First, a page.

Putin Has Crimea, But Reaping Its Energy Riches May Prove Difficult

Tyler Durden's picture

 

 

Donetsk's huge shale fields... And as other regions in east and south Ukraine follow in the Donetsk' footsteps, assuring Russia a land connection to Crimea and cutting off Kiev from the Donbas industrial zones and the Slavyansk shale gas, Putin wins again.

 

And, as NY Times notes, Crimea's offshore resources are a dramatic bonus...

 

Submitted by Nick Cunningham via OilPrice.com,

Russia’s seizure of Crimea has led to speculation that a major motivating factor was to acquire potentially vast energy resources in the Black and Azov Seas. I wrote back in March on the eve of the Crimean vote to secede from Ukraine about reports that Russia was eyeing the oil and gas reserves off the coast of Crimea.

But taking control of territory rich in oil and gas is different from being able to successfully pull those energy resources from the ground. The New York Times published an article on May 17 that suggested that Russian President Vladimir Putin quietly achieved a massive windfall – acquiring “rights to underwater resources potentially worth trillions of dollars.”

The Black and Azov Seas could certainly hold a huge bounty, potentially up to almost 10 billion barrels of oil and 3.8 trillion cubic feet of natural gas. The most promising field is the Skifska field just southwest of the Crimean coastline. Early estimates suggest that Skifska holds 200 to 250 billion cubic meters of natural gas.

However, just because Russia now controls this territory does not mean they will be able to take advantage of it, at least not anytime soon. Although there are rough estimates of significant reserves of oil and gas, the area is still relatively unexplored. Ukraine had trouble attracting any bidders for two of its four blocks off the coast of Crimea, despite heavy salesmanship by the government in Kiev.

Also, Russian energy companies still do not have a thorough understanding of the geology in Crimean waters. LUKoil, one of Russia’s largest oil companies, was outbid in an auction for the Skifska field by an international consortium led by ExxonMobil. The consortium had been in talks with the Ukrainian government under Viktor Yanukovych over a deal for the Skifska field right up until the annexation of Crimea. The oil companies had plans to spend $735 million to drill two wells. The deal was never finalized and ExxonMobil and its partners obviously shelved those plans when things took a turn for the worse a few months ago.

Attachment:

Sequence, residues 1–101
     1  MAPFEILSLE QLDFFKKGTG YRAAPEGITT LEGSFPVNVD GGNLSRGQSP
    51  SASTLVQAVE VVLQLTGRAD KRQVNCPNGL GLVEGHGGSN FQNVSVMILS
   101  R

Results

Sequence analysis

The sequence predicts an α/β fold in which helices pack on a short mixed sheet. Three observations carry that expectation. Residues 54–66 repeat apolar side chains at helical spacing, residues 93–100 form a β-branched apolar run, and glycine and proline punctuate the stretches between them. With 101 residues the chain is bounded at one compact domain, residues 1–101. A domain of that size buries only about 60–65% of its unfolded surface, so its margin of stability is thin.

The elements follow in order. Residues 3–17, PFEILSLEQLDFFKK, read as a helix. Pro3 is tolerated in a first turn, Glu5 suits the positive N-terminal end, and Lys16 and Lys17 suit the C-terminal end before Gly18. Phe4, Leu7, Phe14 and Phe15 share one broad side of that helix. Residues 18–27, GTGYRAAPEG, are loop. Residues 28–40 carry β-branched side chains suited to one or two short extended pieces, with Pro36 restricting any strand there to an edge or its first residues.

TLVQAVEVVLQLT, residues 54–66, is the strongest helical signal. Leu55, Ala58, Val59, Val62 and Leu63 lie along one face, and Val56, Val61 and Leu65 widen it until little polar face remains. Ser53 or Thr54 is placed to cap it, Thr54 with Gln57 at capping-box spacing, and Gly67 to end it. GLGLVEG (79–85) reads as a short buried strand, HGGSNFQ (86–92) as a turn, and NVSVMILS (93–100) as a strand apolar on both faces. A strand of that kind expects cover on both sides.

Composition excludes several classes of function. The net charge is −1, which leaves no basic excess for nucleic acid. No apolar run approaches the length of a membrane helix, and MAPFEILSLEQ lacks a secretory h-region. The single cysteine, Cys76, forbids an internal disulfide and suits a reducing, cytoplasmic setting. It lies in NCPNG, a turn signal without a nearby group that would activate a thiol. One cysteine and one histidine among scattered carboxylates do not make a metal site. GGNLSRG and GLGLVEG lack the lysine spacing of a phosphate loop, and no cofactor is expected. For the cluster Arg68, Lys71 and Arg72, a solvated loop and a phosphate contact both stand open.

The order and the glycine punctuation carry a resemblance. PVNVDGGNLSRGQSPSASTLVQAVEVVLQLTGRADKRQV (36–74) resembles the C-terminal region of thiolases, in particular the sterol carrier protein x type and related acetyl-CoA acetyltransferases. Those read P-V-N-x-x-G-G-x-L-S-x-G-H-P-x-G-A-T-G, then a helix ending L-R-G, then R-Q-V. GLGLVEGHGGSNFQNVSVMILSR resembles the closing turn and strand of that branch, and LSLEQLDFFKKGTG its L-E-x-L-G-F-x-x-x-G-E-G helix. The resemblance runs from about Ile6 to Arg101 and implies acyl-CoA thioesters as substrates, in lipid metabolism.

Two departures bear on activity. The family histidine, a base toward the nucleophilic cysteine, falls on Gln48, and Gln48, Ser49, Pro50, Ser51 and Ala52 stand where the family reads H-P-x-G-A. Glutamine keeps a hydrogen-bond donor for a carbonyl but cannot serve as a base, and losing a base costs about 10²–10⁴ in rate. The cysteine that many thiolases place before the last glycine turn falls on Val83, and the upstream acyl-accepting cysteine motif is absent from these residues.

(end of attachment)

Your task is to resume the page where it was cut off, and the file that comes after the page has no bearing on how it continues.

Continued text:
Presumably, with Russia now moving in, Russian companies will have to redo some of the preliminary exploratory work that the private consortium had already done.

But, more importantly, offshore oil drilling is highly technical, and requires enormous upfront capital. Russia has often teamed up with international oil companies – like ExxonMobil, BP and Royal Dutch Shell -- to tackle some of the extraordinarily difficult-to-reach oil fields, as Russia’s companies can’t always do it on their own. That’s why Russia has sought partners for offshore oil drilling in the Arctic, constructing LNG terminals in Sakhalin, and for tight oil drilling in Western Siberia.

But in Crimea – which much of the world does not recognize as Russian territory – finding international partners, should Russia need them, will be extremely difficult to do.

For example, on April 30, Shell’s Chief Financial Officer Simon Henry ruled out new Russian ventures for the foreseeable future. “I don't think we'll be jumping into new investments (in Russia) anytime soon,” he said. With Crimea in international legal limbo, other companies won’t invest, either.

Even if Russia can go it alone in the Black Sea – and since the waters are shallower and less remote than some of its other major new projects, they probably will try to – it will take years before any oil and gas will come online.

In the meantime, Russia is paying the price for its international isolation. The economy will probably enter recession in the second quarter, according to Russia’s economy minister. Capital flight from Russia reached $63.7 billion in the first three months of this year, exceeding last year’s total. The ruble is also down 6 percent against the dollar so far this year, pushing up inflation, which hit an annual rate of 7.2 percent.

Moreover, in the long-term, Russia may have severely damaged its reputation as a place for doing business. That will hurt the economy for years to come and is much harder to rectify than playing with interest rates or money supply, which can be used for short-term fixes. The darkening economic climate is inflicting real costs on Russia, and that flies in the face of headlines describing Russia’s takeover of Crimea’s oil and gas reserves as a major strategic triumph.